I decided to keep it simple and add my coffee stop to other errands and some scavenging around the neighborhood. I also decided that this year I would try to visit coffee shops I had not visited in past years of the Challenge; at the rate that restaurants and coffee houses open and shut in this town I figured finding new places wouldn't be too hard.
Another possible angle on this year's edition: the Twee-i-fication of Portland (or, For Heaven's Sake How Many Stupefyingly Cute Coffeeshops Does One Town Need?) I will try to rein in my cynycism when I consider this angle, but frankly Fred and Carrie -- and all the Californians offering 20% above asking for houses (and payiing CASH, dammit) -- have made it really, really hard for anyone who grew up here. Like me.
Today's stop: Tin Shed, at NE 14th and Alberta Streets.
Tin Shed is better known for their food, especially their breakfasts. If you go here for breakfast or brunch, do it on a weekday, when the wait for a table isn't as long; or go very early on the weekend (like 15 minutes before they open) so you can get a seat before lunchtime. Breakfast specialties I'm fond of include Sin, a french toast plate with such good flavor and mouth feel that it will make you weep. Or, try one of their generous omelettes which are made with local eggs and fresh ingredients. Most egg dishes come with sides of potatoes, fruit and toast or a fresh-baked biscuit. Go with the biscuit and enjoy it warm with butter and jam. SO good.
Food here is not cheap but it's good. A nice place to show off to the outta-towners.
The coffee is provided by Portland Roasting, a local company I'm not normally a huge fan of; but whatever I had today was surprisingly tasty and not over-roasted. Maybe I need to reconsider my previous assessment. I enjoyed people-watching from the bench outside their front door and made friends with a few passing dogs. Incidentally, leashed and well-behaved dogs are welcome on their weather-enclosed outdoor deck, a practice I'm not especially comfortable with when food service is involved but half of Portland's most adorable coffee places are doing it anymore.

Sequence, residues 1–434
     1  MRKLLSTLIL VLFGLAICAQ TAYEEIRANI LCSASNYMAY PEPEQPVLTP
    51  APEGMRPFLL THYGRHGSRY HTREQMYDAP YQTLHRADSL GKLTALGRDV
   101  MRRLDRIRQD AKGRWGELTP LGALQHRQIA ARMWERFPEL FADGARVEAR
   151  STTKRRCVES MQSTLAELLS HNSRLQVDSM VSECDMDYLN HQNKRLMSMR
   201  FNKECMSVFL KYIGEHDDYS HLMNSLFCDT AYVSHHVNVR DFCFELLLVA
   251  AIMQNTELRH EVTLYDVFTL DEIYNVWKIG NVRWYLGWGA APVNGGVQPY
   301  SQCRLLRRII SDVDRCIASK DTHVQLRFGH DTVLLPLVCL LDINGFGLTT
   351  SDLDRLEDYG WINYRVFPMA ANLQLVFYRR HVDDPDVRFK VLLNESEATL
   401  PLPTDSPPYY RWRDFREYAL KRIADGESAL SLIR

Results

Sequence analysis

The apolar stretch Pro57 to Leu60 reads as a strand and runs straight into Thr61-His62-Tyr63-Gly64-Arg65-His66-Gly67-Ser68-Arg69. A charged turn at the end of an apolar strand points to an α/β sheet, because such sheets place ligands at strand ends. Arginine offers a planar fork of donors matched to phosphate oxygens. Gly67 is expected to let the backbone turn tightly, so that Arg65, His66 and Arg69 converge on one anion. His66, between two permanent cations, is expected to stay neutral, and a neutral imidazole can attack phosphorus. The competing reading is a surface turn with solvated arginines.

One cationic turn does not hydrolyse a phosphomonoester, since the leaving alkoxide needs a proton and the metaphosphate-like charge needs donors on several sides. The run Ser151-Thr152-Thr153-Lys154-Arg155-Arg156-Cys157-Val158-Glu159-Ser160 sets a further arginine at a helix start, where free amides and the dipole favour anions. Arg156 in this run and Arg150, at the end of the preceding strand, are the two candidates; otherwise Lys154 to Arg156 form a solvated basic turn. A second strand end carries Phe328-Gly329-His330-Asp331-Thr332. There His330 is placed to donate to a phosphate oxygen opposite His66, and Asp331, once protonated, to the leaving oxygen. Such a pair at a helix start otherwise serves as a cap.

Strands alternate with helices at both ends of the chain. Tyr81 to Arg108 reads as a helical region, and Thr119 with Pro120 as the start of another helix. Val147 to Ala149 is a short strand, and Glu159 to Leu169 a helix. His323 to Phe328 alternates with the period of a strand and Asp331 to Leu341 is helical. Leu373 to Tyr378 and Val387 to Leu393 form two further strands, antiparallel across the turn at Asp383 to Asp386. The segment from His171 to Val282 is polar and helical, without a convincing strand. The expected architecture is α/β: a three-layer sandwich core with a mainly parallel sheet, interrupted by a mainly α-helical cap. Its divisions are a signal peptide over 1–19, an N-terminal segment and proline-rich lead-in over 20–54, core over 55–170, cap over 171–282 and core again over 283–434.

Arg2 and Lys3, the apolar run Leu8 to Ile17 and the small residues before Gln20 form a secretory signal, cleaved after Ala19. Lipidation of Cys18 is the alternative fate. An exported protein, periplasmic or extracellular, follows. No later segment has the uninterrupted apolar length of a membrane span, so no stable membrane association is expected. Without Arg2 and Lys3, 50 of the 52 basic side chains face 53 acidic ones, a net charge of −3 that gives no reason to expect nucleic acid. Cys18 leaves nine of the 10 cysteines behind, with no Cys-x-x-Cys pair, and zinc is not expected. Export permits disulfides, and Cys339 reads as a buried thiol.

When I got home, I looked over my treasures: besides a few useful parts for future refugee bike repairs, I scored a slightly worn tire and a couple of metal belt buckles. I decided to see if I could whip up a new belt for myself. I trimmed away the badly-cracked sidewalls, punched a few holes for the buckle and screws, and filed down the hardware so it wouldn't catch on my clothes. I may add a little "keeper" strip, or I may not. We'll see. But within twenty minutes I had made myself a new-to-me and totally free belt. Once I wipe it down with some mildly soapy water and let it air dry, it'll be nice enough to wear to services.
Pretty pleased with both the ride and the finds. And happy to have begun another season of Coffeeneuring! Happy riding!